Online endocrine surgery curriculum
David R. Farley, M.D., of the Section of Endocrine Surgery, Department of Surgery, at Mayo Clinic in Rochester, Minn., says: "Recent data suggest many current surgical trainees will likely do fewer operations in their training, see fewer patients, and be placed under the gun less often than their surgical teachers and mentors were during their respective surgical residencies.
"Will less repetition and less practice result in less mastery? Surgery program directors around the country support duty-hour regulations with clear benefits to well-being, family and lifestyle concerns. However, many program directors and surgical educators are nervous the final training product of duty-hour-limited surgical programs may be inferior to graduating chief residents in the past."
Dr. Farley was the director of the General Surgery (GS) Residency Program at Mayo Clinic in Minnesota for 15 years; more than 300 surgical trainees arrived and departed under his watch, and he is anxious but optimistic about future graduates.
Dr. Farley explains: "Although I see a very real possibility of less experience, less depth and less repetitions for surgeons in training, I see great opportunities for improvement. Mayo Clinic has an exceptional GS training program, which includes separate rotations with our four endocrine surgeons. Mayo GS trainees typically graduate in five years having seen, helped with and performed more than 15 parathyroidectomies, 20 thyroidectomies and five adrenalectomies; such volume puts each over the 90th percentile for endocrine surgery experience among U.S. general surgery graduates. A single Mayo endocrine surgery fellow spends an additional full year with endocrine surgeons, endocrinologists, radiologists and pathologists and will participate in more than 200 endocrine operations."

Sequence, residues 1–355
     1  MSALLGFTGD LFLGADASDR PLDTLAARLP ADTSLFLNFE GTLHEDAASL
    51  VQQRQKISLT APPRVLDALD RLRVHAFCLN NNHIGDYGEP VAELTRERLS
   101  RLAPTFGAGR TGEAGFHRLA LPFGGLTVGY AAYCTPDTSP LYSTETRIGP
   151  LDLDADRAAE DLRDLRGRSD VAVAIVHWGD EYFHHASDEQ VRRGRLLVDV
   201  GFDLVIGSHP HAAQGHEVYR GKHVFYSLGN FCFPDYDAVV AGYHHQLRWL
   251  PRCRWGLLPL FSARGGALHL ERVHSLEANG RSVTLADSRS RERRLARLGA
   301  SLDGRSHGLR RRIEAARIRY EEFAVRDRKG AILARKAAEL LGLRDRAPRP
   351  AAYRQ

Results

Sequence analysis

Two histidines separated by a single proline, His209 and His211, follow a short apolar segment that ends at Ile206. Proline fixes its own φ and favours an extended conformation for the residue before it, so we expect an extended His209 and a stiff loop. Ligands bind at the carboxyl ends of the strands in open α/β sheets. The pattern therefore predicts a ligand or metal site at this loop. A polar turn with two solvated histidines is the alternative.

Dr. Farley continues: "The problem boils down to how do you train young physicians to become outstanding surgeons in less time? Clearly using the time spent in the hospital, operating room, clinic, intensive care unit and emergency room more efficiently is important. Additionally, time spent at home or at leisure could be utilized. If teaching and learning became enhanced, greater gains would be possible in less time. If learners came to the operating room better prepared, this would be ideal."
Video training modules
Dr. Farley has created more than 1,100 video clips that are compiled into 18 separate modules on how to perform general surgery operations. Taking whiteboard audiovisual clips that explain relevant anatomy and operative technique and sequentially inserting actual operative clips with voice-over allows surgeons in training to grasp the issues and problems and then watch the procedure unfold. The thyroid, parathyroid and adrenal surgery how-to modules each take about 25 minutes to watch. They are available online 24/7 for all Mayo surgery residents.
Dr. Farley's expectation is that after watching the video, trainees will take a multiple choice exam on the subject and procedure. They must obtain 100 percent correct prior to being allowed to assist in any procedure involving Dr. Farley, who explains: "Our patients deserve a competent trainee assisting with the procedure, and our trainees deserve to be well-prepared and taught before embarking on a stressful procedure with real ramifications."
Early feedback would suggest the pilot project is working well. Dr. Farley highlights: "Trainees love the videos and ask for other staff to generate the same how-to curriculum. As a staff person, I see a more engaged and capable learner. I get less blank stares when asking a question or pondering what the next step might be."
And what if the trainee doesn't get 100 percent on the quiz? Dr. Farley answers: "It hasn't happened yet. The answers are on the video, and trainees can repeat the exam. I just want them more knowledgeable when they operate on our patients."
Preliminary work with online surgical games suggest developing a more interactive curriculum works even better, and Dr. Farley and his research team are developing games to challenge learners in thyroidectomy, parathyroidectomy and laparoscopic adrenalectomy. Dr. Farley concludes: "It is a great time to be a surgical educator and, I hope, to be a surgical resident."